After a lunch at Rooted Spoon Culinary highlighting some of these forest products, the venue will shift to New Forest Farm in Viola, WI (about a half-hour drive). Here, attendees will tour the largest hazelnut planting in Wisconsin situated within this perennial permaculture farm. Please, no sandals on the farm tour.

Marketing the Native Understory agenda

9:00-9:30         Sign-in, registration, coffee

9:30-9:45         Welcome and introductions - Norm Erickson, hazelnut grower and Master of Ceremonies. Also, Dani Lind, chef; Brady Williams & Michelle Miller, UW-CIAS

9:45-10:45      Grower Panel: Norm Erickson, Rochester, MN , hazelnuts; Michael Mathiasen, St. Charles, IA, aronia; Joe Skulan, Lodi, WI, foraged mushrooms.

10:45-11:00     Break

11:00-12:15     Chef Panel: Chef Ryan Boughton, One Eleven Main, Galena, IL; Monique Hooker, chef and author of Cooking with the Seasons: A Year in My Kitchen; Brad Niemcek, Kickapoo Culinary Center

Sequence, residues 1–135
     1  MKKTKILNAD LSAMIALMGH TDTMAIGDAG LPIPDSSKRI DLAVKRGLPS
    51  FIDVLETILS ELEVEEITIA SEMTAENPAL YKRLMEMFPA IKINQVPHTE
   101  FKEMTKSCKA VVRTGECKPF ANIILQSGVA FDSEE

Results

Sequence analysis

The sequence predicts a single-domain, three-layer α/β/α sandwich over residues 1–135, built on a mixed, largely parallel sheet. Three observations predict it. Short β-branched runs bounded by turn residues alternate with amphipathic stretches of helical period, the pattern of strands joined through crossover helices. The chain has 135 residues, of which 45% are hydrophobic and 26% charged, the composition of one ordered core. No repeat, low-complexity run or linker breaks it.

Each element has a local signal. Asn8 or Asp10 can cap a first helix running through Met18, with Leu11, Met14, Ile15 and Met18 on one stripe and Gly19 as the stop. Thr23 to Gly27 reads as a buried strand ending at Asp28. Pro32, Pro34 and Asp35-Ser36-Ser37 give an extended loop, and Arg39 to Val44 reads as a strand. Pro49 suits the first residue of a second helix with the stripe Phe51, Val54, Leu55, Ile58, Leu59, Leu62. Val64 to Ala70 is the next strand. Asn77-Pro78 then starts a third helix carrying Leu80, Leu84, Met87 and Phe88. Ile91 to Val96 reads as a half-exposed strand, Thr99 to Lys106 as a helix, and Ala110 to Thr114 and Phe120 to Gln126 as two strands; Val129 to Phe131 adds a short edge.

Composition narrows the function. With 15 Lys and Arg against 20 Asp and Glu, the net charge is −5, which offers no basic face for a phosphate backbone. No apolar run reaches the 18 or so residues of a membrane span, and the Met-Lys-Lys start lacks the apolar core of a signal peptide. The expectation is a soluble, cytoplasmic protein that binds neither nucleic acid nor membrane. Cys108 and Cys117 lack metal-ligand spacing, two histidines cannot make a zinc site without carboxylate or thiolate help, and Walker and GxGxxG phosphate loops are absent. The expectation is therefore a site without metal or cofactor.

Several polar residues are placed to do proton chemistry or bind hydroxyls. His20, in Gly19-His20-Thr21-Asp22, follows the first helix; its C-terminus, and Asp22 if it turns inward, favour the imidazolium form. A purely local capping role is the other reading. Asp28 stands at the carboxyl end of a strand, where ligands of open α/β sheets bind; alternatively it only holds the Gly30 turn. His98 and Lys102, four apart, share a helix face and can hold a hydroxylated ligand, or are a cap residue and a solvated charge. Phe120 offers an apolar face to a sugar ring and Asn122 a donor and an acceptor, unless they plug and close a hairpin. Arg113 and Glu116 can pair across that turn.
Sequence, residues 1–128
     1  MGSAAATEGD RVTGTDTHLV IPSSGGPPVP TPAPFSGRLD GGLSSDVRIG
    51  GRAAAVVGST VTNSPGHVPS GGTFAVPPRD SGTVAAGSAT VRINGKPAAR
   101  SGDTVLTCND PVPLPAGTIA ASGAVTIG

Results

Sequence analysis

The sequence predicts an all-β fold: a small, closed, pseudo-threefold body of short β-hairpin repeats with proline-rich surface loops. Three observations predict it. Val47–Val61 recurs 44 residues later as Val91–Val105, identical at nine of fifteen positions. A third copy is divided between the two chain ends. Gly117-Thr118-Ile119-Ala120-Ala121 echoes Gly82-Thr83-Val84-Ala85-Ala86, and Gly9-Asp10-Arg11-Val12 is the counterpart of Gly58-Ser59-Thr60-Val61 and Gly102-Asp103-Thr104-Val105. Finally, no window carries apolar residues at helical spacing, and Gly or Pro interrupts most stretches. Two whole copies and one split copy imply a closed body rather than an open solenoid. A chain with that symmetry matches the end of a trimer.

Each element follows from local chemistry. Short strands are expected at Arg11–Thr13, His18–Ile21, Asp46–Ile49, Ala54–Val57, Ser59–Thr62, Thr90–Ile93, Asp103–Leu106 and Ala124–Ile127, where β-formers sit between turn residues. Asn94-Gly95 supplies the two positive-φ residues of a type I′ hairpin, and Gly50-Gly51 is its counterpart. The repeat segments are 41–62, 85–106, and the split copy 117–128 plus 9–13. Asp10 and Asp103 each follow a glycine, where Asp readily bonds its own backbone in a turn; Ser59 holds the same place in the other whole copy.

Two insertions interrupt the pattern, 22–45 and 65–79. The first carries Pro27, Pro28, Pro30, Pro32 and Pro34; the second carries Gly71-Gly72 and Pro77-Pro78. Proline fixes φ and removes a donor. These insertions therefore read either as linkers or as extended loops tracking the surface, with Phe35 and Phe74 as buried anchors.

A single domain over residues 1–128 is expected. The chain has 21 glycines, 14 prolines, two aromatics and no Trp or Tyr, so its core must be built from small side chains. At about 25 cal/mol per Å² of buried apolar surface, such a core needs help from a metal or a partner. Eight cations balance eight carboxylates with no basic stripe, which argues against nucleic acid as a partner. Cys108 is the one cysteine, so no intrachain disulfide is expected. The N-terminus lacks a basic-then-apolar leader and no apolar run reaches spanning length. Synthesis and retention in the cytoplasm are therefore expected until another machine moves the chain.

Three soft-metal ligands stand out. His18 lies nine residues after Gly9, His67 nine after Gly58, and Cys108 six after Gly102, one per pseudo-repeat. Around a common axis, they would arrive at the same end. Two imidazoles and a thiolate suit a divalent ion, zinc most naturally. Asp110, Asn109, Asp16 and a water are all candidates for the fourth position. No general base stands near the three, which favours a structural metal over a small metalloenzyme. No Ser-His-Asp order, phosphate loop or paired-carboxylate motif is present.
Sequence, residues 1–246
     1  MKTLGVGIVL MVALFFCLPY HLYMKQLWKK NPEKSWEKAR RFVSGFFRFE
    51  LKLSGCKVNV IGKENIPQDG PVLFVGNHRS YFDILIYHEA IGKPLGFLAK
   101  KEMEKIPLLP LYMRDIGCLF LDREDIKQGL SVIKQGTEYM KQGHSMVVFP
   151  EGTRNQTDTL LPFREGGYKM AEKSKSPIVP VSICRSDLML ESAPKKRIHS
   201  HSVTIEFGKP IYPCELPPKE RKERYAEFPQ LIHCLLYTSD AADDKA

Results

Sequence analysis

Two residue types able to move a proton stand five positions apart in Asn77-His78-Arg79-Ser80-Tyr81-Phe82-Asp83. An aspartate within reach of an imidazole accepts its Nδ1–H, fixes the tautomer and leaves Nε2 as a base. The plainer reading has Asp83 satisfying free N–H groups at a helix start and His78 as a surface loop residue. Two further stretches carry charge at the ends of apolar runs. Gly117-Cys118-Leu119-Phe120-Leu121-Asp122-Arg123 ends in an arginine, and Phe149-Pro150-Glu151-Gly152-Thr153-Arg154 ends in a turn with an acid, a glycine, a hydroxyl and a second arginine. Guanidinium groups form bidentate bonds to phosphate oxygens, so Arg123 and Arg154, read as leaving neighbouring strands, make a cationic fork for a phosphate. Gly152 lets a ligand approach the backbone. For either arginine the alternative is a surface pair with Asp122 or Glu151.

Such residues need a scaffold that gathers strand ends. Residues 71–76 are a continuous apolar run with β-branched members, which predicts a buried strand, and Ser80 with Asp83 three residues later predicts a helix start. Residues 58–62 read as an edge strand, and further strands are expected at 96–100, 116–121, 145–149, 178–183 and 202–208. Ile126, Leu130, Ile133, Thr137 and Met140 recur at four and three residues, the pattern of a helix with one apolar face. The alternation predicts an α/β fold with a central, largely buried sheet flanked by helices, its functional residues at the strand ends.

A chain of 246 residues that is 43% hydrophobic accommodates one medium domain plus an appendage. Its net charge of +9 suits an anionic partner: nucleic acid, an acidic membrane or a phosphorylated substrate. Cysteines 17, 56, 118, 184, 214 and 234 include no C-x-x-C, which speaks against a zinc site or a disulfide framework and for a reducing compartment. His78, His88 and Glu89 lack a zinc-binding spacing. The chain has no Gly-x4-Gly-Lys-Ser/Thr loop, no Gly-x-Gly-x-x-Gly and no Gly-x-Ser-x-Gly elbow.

12:15-1:00       Lunch and informal networking

1:00-1:20         Lessons from value-added nut enterprises in the Midwest: 5 case studies -Brady Williams

1:20-1:40         Upper Midwest Hazelnut Development Initiative, Jeff Jensen, President Minnesota Hazelnut Foundation (invited) and Jason Fischbach, UW Extension – Bayfield County (invited)  and Midwest Aronia Association, Phil Mueller.

1:40-2:00        Unstructured networking

 2:00                Leave for Mark Shepard’s New Forest Farm in Viola to tour hazelnut and aronia plantings and learn about permaculture systems.

The registration fee for this event is $10. Space is limited to the first 80 people to register. Register on-line

Some of the businesses sending representatives include:

  • Weaver Gardens, Altura, MN
  • Proudspirit Farm, Viola, WI
  • Ecker’s Apple Farm, Trempealeau, WI
  • The Root Note, LaCrosse, WI
  • Walnut Bluffs Farm, Canton, MN
  • Star Valley Flowers, Soldiers Grove
  • Bellbrook Berry Farm, Brooklyn, WI
  • Strause Farms, Rio, WI

Representatives from the following towns and cities have registered: